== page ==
Dredging Charleston Marina Inner Boat Basin
The Oregon International Port of Coos Bay (Port) will commence dredging of the Inner Boat Basin of the Charleston Marina on January 25, 2019. The first section of dredge pipe has been placed and anchored at Site G (see figure below) and is deployed alongside the inner basin channel through the culvert under Alaska Packers Lane around Coast Guard Point and out to Site G.
Project Description: The Oregon International Port of Coos Bay will hydraulically dredge up to 20,000 cubic yards of material from the Charleston Marina Boat Basin. Dredge material disposal will occur solely with hydraulic pipeline at Site G during an ebb tide. Anticipated time line will be between 4 to 5 weeks and after the start date of January 25, 2019.
Purpose: To provide commercial and recreational vessel access and navigability to existing marina and dock structures maintained by the Oregon International Port of Coos Bay.
Project Location: The project is located at the Charleston inner boat basin, near the confluences of South Slough, Joe Ney Slough and Coos Bay, Charleston, Coos County, Oregon
Vessel Traffic and Security: The Port dredge crew anticipates being able to coordinate with the commercial fishing fleet to both avoid interference with vessel traffic and complete the project within the permitted time constraints. The Port has reached out to all stakeholders and informed them of the work schedule and proposed work site.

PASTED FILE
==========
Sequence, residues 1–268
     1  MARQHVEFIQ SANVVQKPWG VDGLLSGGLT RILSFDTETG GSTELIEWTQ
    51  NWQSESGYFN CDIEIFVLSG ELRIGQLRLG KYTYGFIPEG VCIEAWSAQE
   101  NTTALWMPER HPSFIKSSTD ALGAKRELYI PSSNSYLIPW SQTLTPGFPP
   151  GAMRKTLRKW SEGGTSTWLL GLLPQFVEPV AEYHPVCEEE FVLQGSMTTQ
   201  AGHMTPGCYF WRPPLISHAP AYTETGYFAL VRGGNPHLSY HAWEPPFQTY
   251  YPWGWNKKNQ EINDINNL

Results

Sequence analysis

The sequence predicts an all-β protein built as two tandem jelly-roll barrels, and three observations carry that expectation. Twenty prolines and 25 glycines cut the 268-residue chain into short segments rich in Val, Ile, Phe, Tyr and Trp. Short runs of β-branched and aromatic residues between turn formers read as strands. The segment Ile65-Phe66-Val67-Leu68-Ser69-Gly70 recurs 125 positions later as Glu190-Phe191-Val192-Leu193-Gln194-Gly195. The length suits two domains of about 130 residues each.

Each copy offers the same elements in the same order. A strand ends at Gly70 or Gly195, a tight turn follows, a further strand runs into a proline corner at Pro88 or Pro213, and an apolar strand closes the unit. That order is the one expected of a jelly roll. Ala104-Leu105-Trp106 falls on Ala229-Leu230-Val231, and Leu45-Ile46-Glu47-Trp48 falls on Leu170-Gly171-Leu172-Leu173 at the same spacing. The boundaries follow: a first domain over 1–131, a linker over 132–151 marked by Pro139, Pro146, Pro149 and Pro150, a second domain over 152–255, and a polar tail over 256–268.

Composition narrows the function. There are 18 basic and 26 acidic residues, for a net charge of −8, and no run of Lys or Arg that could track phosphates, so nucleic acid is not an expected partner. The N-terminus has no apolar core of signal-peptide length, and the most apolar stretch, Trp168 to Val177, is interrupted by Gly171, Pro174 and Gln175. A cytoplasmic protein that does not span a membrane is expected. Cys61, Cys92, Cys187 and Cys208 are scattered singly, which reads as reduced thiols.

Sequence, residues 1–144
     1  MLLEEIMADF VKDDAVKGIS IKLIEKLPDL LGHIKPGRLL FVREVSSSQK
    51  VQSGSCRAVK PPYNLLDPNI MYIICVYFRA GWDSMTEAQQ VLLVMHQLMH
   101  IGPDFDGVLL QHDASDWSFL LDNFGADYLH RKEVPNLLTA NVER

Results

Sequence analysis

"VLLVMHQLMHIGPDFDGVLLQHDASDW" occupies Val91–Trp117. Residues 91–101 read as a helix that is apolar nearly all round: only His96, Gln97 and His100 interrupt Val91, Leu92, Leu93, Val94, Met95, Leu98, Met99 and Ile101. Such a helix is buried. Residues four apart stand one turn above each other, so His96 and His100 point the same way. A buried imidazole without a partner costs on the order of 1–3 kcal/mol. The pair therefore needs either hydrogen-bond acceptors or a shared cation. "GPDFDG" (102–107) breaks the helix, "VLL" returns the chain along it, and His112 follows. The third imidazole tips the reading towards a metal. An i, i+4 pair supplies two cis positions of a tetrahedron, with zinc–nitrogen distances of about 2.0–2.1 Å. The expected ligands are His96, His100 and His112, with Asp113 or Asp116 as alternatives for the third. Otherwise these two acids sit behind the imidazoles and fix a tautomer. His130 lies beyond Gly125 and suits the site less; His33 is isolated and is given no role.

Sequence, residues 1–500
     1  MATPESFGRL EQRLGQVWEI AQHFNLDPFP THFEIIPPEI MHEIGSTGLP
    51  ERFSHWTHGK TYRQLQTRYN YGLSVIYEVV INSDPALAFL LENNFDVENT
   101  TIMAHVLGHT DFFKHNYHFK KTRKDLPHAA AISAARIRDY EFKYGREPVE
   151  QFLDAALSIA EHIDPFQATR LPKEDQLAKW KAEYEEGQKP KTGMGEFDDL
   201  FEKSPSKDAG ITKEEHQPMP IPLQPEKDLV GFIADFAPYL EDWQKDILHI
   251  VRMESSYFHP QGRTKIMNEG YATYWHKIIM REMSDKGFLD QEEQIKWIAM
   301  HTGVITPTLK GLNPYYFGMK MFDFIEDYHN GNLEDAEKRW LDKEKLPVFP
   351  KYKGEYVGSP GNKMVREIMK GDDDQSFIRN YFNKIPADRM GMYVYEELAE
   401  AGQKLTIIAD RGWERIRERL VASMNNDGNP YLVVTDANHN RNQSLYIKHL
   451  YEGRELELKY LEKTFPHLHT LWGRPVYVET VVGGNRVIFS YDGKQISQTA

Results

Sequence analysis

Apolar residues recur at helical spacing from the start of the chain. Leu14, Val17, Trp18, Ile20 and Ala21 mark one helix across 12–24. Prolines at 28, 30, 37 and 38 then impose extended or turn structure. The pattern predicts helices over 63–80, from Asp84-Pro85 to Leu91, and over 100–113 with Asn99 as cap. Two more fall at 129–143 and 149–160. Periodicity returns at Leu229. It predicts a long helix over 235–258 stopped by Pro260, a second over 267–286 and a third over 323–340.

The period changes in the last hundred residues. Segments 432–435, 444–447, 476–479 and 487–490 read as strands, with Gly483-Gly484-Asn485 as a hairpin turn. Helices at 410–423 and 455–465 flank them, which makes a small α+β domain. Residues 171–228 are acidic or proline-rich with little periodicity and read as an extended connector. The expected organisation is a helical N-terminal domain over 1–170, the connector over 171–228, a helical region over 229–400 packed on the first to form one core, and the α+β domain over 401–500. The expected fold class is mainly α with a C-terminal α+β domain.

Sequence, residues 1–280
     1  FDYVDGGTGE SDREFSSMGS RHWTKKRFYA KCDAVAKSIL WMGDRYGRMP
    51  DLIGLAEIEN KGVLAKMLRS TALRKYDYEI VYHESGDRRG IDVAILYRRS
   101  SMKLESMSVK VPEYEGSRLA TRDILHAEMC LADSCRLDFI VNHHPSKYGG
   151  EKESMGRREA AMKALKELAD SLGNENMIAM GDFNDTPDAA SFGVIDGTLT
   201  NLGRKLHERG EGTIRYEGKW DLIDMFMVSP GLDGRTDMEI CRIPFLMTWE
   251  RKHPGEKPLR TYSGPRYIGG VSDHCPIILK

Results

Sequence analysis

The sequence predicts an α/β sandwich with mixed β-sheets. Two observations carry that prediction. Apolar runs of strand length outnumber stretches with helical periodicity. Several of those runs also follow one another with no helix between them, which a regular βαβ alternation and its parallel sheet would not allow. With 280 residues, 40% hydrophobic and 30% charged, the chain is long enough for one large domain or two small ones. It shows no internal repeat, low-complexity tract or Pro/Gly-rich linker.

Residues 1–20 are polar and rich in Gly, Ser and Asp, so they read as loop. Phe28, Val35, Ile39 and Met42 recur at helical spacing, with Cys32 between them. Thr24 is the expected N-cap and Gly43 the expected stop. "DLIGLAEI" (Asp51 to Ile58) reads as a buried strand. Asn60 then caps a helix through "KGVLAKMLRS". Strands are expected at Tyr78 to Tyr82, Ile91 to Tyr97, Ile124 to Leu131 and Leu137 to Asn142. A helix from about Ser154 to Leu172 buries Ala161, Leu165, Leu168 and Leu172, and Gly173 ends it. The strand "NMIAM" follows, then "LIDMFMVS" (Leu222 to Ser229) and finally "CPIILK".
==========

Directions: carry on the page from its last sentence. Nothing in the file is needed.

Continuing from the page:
Dredging: Charleston marina personnel will employ the dredge LAURA for this project together with the tender vessel Ms. SoCo and a work barge/Super-Fish-All. The LAURA is a 52.2 foot long by 10 foot wide by 3.6 foot deep dredge. The dredge is outfitted with three heavy duty spuds for anchoring and stability once it is in the desired location. The spuds on the Laura are 30 feet long allowing it to anchor itself in 25 plus feet of water. All work will be performed in accordance with specifications and permit conditions.
Dredge Pipe Lighting: Where the pipeline does not cross a navigable channel, the lights must be sufficient in number to clearly show the pipeline’s length and course. The lights must be: (1) Visible all around the horizon, and (2) Visible for at least 2 miles on a clear dark night, and (3) One meter apart in a vertical line with the lower light at the same height above the water as the flashing yellow light. The Port will employ 50 pencil buoys, 25 with beacons and 25 without.